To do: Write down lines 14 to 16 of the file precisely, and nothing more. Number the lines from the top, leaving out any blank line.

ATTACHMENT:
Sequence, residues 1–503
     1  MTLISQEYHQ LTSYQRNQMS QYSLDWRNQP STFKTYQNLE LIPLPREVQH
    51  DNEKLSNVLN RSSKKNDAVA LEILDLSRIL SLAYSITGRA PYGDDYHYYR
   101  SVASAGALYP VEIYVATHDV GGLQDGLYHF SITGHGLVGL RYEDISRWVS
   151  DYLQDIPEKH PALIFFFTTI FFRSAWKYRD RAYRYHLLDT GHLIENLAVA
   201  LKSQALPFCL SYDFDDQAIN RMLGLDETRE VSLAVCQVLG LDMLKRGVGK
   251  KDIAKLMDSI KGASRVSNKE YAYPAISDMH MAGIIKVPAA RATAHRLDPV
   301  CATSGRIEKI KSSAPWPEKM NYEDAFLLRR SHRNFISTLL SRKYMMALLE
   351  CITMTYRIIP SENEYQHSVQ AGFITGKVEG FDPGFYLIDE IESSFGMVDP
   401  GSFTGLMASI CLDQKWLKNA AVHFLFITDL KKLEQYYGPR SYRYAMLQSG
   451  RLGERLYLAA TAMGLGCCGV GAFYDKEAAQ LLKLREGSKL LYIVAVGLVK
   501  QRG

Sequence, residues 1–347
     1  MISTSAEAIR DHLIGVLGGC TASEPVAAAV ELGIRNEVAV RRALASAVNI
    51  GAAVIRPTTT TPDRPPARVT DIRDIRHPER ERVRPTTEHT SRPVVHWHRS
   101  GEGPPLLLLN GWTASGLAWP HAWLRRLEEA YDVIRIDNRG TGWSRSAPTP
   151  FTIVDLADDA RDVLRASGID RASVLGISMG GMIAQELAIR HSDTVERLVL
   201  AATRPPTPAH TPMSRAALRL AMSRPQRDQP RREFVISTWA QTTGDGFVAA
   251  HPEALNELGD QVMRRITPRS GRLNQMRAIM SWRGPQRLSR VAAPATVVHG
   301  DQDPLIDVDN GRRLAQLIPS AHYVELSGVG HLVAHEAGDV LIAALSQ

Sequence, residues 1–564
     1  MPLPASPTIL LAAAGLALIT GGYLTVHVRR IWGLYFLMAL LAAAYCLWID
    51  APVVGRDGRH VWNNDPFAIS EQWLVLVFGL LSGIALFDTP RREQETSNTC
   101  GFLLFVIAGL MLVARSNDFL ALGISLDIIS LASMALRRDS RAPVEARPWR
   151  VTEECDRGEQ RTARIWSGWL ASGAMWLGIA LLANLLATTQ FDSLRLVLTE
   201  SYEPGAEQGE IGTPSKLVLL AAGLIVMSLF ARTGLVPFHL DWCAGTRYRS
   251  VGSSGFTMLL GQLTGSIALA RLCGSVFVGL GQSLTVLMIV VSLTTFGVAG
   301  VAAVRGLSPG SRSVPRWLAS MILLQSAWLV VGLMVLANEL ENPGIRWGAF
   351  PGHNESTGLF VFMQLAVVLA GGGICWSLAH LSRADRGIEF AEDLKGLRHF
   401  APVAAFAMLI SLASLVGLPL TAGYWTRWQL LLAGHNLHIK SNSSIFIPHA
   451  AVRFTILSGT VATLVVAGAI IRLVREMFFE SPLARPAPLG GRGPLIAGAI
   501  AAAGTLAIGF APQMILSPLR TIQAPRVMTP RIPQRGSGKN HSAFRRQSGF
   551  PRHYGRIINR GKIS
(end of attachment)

     1  MISTSAEAIR DHLIGVLGGC TASEPVAAAV ELGIRNEVAV RRALASAVNI
    51  GAAVIRPTTT TPDRPPARVT DIRDIRHPER ERVRPTTEHT SRPVVHWHRS
   101  GEGPPLLLLN GWTASGLAWP HAWLRRLEEA YDVIRIDNRG TGWSRSAPTP